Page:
King Lear Contents
- Shakespeare, William
- 1564 - 1582: William Shakespeare's Stratford Beginnings
- 1582 - 1592: William Shakespeare's Marriage, Parenthood and Early Occupation
- 1592 - 1594: William Shakespeare's Life In London, part 1
- 1594 - 1611: William Shakespeare's Life In London, part 2
- 1594 - 1611: William Shakespeare's Life In London, part 3
- 1611 - 1616: William Shakespeare - Back to Stratford
- Social / political background
- Religious / philosophical background
- The Theatre
- Act I
- Act II
- Act III
- Act IV
- Act V
The ending of King Lear
The desire for good to triumph
The final scene of King Lear is problematic – so much so that for many years the play was presented with a ‘happy’ ending. In 1681 Nahum Tate adapted the play and gave it an ending in which Lear and Cordelia are reunited and live happily ever after, with Lear once again ruling as king and with Cordelia marrying Edgar. Up until 1838, this version was the only one most audiences would have seen.
The problems of Shakespeare’s ending
Part of the ‘point’ of a tragedy is that the audience understands how the suffering endured by the protagonists has somehow been of benefit to them, in terms of their spiritual or moral improvement. However, Shakespeare leaves ambiguous whether
Lear has in fact undergone spiritual renewal. Does he ‘see’ more clearly than he did at the beginning of the play?
The evidence for ‘yes’
Many people who have watched and read the play have wanted to believe in a positive answer to these questions. After all, it is not unnatural to want to believe in spiritual progress and in good triumphing over evil. They would point to the following evidence:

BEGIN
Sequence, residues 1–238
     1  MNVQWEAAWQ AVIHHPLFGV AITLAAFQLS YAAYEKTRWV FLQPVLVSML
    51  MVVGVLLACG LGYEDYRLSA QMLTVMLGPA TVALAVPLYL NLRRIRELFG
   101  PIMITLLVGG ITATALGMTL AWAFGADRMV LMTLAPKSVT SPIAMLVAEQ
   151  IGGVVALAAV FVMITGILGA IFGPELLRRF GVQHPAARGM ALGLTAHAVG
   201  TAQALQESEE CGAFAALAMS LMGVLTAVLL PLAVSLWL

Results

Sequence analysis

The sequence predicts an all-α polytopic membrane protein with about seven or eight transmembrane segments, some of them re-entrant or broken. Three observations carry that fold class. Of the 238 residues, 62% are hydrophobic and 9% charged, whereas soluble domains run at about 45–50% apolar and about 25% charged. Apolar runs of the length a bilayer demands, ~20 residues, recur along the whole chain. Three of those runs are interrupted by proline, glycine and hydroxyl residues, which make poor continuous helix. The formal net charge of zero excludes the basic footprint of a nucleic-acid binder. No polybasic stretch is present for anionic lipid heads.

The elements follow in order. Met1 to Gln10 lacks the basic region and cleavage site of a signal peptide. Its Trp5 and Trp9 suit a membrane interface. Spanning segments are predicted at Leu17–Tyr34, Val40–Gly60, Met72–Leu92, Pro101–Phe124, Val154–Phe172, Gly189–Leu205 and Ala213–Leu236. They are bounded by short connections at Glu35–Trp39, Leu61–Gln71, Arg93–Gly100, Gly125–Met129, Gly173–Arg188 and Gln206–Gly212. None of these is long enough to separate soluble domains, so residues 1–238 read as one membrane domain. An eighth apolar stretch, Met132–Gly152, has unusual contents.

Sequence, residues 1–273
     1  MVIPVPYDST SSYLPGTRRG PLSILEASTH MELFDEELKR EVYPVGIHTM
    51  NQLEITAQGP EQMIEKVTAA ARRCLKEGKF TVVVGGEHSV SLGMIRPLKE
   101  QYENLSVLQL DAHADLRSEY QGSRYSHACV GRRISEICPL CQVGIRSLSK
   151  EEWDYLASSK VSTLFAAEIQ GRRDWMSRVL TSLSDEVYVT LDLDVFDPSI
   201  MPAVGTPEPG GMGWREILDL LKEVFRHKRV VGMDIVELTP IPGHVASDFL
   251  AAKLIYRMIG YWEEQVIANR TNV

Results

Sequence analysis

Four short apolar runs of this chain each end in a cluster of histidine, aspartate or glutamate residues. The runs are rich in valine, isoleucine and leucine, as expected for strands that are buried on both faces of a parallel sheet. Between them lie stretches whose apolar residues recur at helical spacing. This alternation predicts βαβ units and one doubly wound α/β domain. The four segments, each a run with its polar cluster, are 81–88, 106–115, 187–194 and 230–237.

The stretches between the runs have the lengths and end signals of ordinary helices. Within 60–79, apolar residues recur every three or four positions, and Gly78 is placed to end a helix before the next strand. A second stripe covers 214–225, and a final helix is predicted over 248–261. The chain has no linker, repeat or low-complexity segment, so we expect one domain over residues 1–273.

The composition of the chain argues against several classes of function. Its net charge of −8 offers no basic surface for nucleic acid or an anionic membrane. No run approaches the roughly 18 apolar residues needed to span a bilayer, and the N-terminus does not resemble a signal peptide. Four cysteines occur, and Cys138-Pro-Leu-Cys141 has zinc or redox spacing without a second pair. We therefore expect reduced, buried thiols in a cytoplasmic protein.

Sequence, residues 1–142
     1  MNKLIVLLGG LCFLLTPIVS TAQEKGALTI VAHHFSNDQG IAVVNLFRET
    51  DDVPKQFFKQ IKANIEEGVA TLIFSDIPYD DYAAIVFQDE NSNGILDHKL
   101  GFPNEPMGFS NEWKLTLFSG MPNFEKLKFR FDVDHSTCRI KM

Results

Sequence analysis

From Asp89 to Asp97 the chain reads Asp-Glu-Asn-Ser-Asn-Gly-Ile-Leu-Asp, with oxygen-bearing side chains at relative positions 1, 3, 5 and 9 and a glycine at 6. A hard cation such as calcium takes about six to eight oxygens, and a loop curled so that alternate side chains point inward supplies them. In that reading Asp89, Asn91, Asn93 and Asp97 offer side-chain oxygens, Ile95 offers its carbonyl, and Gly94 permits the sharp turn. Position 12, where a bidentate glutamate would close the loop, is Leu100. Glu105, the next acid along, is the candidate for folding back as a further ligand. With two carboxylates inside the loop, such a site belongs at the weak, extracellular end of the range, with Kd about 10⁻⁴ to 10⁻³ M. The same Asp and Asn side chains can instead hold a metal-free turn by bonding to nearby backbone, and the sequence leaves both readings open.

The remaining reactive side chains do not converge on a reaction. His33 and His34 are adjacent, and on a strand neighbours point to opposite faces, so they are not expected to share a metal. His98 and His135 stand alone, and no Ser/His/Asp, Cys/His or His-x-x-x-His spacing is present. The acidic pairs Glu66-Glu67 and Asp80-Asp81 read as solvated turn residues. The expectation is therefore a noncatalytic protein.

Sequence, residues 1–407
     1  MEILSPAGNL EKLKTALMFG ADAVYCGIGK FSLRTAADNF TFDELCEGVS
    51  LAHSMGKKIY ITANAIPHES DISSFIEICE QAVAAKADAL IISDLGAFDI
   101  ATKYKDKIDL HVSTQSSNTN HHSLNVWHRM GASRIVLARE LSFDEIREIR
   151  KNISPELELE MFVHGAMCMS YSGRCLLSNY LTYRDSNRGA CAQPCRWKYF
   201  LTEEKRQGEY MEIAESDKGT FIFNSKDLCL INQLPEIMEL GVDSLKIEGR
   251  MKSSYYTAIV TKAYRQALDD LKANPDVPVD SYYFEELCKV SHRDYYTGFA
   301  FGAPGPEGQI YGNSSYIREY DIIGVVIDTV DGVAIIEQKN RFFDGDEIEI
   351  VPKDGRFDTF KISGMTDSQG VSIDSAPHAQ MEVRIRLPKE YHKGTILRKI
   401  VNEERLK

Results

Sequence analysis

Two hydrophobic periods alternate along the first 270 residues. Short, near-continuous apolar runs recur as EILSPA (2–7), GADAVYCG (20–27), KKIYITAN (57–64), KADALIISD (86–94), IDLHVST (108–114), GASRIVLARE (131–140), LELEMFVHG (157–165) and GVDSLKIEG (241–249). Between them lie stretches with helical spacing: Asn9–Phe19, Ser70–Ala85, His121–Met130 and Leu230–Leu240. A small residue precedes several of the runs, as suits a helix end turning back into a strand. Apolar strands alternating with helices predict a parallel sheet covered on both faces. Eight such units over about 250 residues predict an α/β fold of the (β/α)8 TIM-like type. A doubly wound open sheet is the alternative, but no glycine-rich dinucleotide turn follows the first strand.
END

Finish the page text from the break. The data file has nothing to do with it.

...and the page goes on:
- Lear recovers from his insanity
- He is lovingly reunited with Cordelia
- Lear appears to have found fulfilment. As they depart for prison, he says: ‘Upon such sacrifices, my Cordelia / The gods themselves throw incense.’
- He humbly accepts his wrong-doing against Cordelia by saying: ‘When thou dost ask me blessing, I’ll kneel down / And ask of thee forgiveness.’
- The image he uses of the two of them singing ‘like birds i’th’cage’ suggests acceptance and to a clear vision that what really matters is not power but the love of his loyal daughter.
The evidence for ‘no’
However, others could point out that the pagan universe of King Lear offers no such easy answers and might cite the following:
- The animal-like ‘howls’ of pain uttered by Lear as he enters carrying Cordelia in his arms. These suggest something more primitive, more physical, more indicative of raw anguish than could be encompassed by terms such as ‘acceptance’ and ‘spiritual renewal’
- Lear says that he ‘killed the slave that was a-hanging’ Cordelia. Are these the words of a man who is still self-assertive, bragging of his undiminished physical strength?
- Is Lear’s capacity for self-deception also suggested by his statement that Cordelia’s continuing to live would ‘redeem all sorrows / That ever I have felt’?
The point is not a question of ‘yes’ or ‘no’ but rather of ambiguity. The play raises questions throughout its complex plot, so it should not surprise us that the ending is ambiguous and does not allow the audience the comfort of moral certainties or of an easy resolution. The world of King Lear has demonstrated that life is ‘tough’ and existence like being tortured on a ‘rack’. Human happiness has been shown to be very fragile, easily and irrevocably broken by selfish desires for wealth and power.
Term applied to those who are not Christian, particularly followers of the classical religion of Greece and Rome and of the pre-Christian religions of Europe.
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